Man of Steel shoots hard at us, faces. But being tough and being admirable are two different views entirely. MOS has it all in the first fact, but lacks on the second. Arguably the most anticipated film of the year, MOS could possibly disappoint some of us, movie lovers, a honestly chaotic picture that have failed to be modest and respectable, pretty much suffered from being 'overstuffed'.
MOS first strikes us down with it's pretty mediocre screenplay, imbalanced screenplay. At times it could be personal or relatable, but also at times such writing says to us on things like "Hey, that line is pretty cheesy". Nope, I don't have the pleasure of being offensive, but those discoveries are some of the unfavourable elements I have picked up on upon witnessing. Another disappointment would lie on Henry Cavill's performance. Cavill has all the looks to play a great superhero, but at the same time he is quite not impressive. Cavill is probably a total opposite of what I thought of him, but I don't see that fact in MOS, and our dear Cavill is a lead actor, and when one sees mediocrity in his performance, you will know that the film is not going to go well. I would also not be reluctant to believe that MOS is one hell of showy motion picture. The sane must not deny it's gorgeous, great special effects, but such things are being overused for the picture. As a result, the film's action or fighting sequences turned out to be less focused, and brutally messy and negatively destructive.
MOS has all the letdowns, but it has some fine performances from its supporting cast. Amy Adams fared well playing the beautiful Lois Lane, Laurence Fishburne steps to be convincing playing Mr White, Kevin Costner has all the requirements to play a loving father and Michael Shannon played a cold, devoted leader called General Zod, and he played it wonderfully. A fact, fine performances have saved the movie from being truthfully terrible. Also, MOS has some serious moving moments, those could probably be seen from its flashback scenes, especially the ones which involved young Clark Kent and his father. MOS is also well anchored with some sublime images.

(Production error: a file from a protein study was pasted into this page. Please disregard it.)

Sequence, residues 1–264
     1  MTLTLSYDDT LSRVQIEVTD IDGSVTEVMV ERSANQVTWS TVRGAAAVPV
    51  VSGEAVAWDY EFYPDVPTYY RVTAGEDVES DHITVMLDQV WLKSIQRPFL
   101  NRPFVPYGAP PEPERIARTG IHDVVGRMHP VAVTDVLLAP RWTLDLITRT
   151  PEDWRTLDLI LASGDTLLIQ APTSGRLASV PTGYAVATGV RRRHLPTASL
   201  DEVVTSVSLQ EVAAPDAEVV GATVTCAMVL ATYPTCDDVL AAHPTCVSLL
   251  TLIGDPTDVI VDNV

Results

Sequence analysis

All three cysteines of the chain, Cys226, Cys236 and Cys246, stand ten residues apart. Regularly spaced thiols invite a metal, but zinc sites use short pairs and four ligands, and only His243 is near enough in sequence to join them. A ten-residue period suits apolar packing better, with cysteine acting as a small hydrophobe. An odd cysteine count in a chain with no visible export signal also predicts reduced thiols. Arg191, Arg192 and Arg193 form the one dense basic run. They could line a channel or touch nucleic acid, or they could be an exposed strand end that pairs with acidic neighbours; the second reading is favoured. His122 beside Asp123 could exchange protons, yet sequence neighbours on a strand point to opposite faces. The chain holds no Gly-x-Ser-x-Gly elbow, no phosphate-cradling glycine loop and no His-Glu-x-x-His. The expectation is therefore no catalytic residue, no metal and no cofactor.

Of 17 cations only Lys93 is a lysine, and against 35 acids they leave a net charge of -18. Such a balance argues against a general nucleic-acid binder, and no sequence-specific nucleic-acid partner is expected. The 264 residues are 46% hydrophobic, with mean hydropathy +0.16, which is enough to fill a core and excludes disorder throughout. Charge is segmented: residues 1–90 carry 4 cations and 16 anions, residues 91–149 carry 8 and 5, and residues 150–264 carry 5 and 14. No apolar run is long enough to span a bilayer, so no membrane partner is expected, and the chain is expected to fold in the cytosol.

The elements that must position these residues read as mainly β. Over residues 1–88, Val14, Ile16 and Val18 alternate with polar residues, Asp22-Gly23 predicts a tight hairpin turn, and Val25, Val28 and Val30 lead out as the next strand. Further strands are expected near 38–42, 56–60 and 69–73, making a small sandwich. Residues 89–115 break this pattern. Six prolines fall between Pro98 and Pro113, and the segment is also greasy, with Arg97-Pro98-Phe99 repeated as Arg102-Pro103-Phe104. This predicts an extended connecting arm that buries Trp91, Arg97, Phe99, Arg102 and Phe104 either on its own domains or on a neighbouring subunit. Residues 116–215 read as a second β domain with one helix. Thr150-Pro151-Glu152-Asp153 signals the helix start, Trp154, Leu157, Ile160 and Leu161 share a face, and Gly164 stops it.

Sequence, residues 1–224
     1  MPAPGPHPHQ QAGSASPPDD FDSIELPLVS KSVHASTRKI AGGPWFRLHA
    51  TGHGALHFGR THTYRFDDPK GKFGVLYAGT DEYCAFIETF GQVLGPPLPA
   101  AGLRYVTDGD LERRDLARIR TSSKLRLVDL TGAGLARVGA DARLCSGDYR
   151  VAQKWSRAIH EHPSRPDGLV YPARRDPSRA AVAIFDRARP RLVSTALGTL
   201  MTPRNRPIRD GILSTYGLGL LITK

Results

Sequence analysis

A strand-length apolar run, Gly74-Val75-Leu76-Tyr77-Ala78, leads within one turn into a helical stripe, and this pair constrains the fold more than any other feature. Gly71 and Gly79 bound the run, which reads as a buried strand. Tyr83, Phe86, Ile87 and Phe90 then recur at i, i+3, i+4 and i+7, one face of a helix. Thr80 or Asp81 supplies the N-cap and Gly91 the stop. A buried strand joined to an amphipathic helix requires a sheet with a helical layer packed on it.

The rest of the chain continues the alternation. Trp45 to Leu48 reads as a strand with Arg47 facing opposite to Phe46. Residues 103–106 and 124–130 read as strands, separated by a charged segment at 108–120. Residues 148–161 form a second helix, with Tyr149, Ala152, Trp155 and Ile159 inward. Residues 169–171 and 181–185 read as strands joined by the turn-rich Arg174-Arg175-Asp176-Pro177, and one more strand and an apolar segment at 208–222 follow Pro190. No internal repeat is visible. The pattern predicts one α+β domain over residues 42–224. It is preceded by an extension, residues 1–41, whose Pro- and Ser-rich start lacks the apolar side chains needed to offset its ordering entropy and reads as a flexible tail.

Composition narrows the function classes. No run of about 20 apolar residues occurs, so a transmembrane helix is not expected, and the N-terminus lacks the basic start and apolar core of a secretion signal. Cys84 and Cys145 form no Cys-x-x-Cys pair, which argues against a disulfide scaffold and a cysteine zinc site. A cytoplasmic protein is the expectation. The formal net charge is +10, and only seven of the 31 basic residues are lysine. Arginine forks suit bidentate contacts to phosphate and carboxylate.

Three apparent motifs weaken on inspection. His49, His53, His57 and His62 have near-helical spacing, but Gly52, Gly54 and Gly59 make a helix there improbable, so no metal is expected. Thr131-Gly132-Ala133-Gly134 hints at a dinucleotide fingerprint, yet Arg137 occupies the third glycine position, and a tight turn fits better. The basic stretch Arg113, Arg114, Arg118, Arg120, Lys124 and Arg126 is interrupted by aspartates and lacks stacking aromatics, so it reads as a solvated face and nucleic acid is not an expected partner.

MOS is not very bad, but not very good either. Such mediocrity is bad luck for the film, also bad luck for us, movie lovers. One would expect for the most anticipated picture of the year to be solid, or potent, but what we got here is something that is far from that.
World War Z kicks in with a story on a pandemic that is building armies of 'zombies' and threatens to destroy humanity. Unlike other zombie movies that are being released earlier, WWZ is set in a very realistic tone, and it depicts a tragedy which occurs across the globe. I refuse to believe that WWZ is solely a zombie or horror picture, it is also a disaster movie.
To me, like many films of the same genre, WWZ is neither brilliant nor horrible. The film is average at it's best. WWZ is being disastrously 'zombified' during the first and the fourth act - few disappointments would be the witness of lazy writing all around, mediocre performances as a whole and also sequences that are not well executed. Surely WWZ's writers are also being infected while writing for the two mentioned acts. I was literally disappointed, not filled with anger, when the delivery of poorly written sets of dialogues is being introduced by the characters, and also, WWZ features one of the most annoying characters in movie history - her name is Constance, I guess. Facepalm-ed.